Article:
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Writing, Research, Applied Thinking and Applied Theory: Solutions with Interesting Implications, Problem Solving, Teaching and Research driven solutions
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What The New Ukrainian Revolution Is Really About

What The New Ukrainian Revolution Is Really About | Writing, Research, Applied Thinking and Applied Theory: Solutions with Interesting Implications, Problem Solving, Teaching and Research driven solutions | Scoop.it
As more and more Ukrainians find themselves successfully competing in the world economy, they are increasingly tired of their country holding them back.
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The Lesser Known Revolutions that Created the Modern World

The Lesser Known Revolutions that Created the Modern World | Writing, Research, Applied Thinking and Applied Theory: Solutions with Interesting Implications, Problem Solving, Teaching and Research driven solutions | Scoop.it
Every time you use a use a computer or smartphone, drive a car, use a navigation system or shop at Wal-mart, you are in a very real sense, believing in ideas that defy common sense.
Sharrock's insight:

from the article: "in 1931 Kurt Gödel and his incompleteness theorems, which showed conclusively that every system will eventually result in a statement that is both true and not true by the rules of the system.  Logic, as an absolute concept, was dead. There was no fixing the system because systems themselves are inherently broken."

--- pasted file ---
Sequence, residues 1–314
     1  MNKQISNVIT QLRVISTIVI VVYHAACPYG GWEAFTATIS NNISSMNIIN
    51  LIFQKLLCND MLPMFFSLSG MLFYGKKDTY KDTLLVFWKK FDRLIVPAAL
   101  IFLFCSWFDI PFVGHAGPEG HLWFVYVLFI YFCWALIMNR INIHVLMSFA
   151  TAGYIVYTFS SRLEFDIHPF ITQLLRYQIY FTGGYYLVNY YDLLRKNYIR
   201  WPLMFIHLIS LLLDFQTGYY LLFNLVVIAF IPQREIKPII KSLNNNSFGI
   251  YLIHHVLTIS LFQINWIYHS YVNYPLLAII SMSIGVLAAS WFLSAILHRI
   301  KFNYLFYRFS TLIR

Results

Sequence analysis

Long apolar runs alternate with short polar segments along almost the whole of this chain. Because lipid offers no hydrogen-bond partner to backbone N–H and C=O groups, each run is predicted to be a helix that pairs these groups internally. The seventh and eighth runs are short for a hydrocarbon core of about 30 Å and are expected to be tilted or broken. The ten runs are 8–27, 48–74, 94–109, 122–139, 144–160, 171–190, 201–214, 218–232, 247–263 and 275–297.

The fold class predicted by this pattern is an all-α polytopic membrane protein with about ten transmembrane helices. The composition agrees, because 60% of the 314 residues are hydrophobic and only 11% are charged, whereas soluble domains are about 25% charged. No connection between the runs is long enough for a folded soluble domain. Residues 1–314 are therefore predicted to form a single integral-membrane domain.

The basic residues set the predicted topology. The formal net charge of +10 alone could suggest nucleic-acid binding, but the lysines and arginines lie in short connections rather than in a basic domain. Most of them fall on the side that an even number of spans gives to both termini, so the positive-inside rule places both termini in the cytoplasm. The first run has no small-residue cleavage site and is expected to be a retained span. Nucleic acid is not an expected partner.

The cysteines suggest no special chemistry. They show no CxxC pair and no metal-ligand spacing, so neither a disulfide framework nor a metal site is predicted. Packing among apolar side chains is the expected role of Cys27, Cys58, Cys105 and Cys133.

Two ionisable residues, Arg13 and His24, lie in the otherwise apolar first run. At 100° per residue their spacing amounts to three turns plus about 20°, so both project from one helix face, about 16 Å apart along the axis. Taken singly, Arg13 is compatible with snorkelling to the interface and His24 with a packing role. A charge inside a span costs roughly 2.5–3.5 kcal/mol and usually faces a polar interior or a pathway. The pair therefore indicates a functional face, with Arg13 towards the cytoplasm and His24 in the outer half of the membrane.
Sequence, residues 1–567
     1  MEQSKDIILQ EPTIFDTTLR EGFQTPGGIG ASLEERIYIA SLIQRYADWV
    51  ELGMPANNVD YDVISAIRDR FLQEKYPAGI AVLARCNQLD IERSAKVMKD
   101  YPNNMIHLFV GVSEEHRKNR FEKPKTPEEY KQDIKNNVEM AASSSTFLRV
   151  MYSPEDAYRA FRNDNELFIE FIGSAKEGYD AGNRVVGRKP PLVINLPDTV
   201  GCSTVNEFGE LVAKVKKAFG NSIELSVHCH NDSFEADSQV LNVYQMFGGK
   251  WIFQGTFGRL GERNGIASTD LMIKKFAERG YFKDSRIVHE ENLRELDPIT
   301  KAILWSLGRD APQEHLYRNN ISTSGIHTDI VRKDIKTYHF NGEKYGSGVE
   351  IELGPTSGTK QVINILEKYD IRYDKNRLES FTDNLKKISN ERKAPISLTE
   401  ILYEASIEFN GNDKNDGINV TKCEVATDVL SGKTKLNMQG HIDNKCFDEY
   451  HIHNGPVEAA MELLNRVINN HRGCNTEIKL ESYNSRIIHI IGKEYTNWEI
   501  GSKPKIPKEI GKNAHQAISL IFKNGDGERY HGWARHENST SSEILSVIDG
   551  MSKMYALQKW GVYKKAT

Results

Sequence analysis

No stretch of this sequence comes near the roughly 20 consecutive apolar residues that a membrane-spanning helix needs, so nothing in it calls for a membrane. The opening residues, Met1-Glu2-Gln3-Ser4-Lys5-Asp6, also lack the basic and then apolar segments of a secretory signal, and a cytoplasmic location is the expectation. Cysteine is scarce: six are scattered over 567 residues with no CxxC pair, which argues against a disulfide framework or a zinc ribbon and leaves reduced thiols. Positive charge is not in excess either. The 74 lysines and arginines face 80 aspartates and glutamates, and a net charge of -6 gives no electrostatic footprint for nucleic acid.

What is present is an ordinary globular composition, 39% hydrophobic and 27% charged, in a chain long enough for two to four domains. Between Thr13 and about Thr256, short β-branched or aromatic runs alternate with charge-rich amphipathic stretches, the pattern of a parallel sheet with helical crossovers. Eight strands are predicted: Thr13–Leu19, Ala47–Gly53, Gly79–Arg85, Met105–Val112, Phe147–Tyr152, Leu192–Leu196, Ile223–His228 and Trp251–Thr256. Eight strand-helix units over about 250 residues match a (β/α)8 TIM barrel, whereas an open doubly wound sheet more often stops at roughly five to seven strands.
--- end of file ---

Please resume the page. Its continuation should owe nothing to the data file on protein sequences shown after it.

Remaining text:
This "broken" system idea is something I will have to keep pursuing. In James Gleick's book The Information, it seemed that this same topic was mentioned in terms of math systems. But the idea that logic, as an absolute concept, was dead, seems to be making a statement that systems are subjective and always incomplete. I want to know more, but will probably need repeated explanations and examples from various experts to approach understanding it.

 

The other "lesser known revolutions" seem to be pretty clear to me.

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The revolution will NOT be in Open Data | Open Knowledge Foundation Blog

The revolution will NOT be in Open Data | Open Knowledge Foundation Blog | Writing, Research, Applied Thinking and Applied Theory: Solutions with Interesting Implications, Problem Solving, Teaching and Research driven solutions | Scoop.it

A common narrative in many “open” development projects goes along the lines of “provide access to data/information –> some magic occurs –> we see positive change.” In essence, because of the newness of this field, we only know what we THINK happens, we don’t know what REALLY happens because there is a paucity of documentation and evidence.

 

It’s problematic that we often use the terms data, information, and knowledge interchangeably, because:

Data is NOT knowledge.

Data is NOT information.

Information is NOT knowledge.

Knowledge IS what you know. It’s the result of information you’ve consumed, your education, your culture, beliefs, religion, experience – it’s intertwined with the society within which you live. 


Via Irina Radchenko
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Irina Radchenko's curator insight, October 22, 2013 2:24 AM

It's so obvious. The main values of openness are our open minds and thoughts.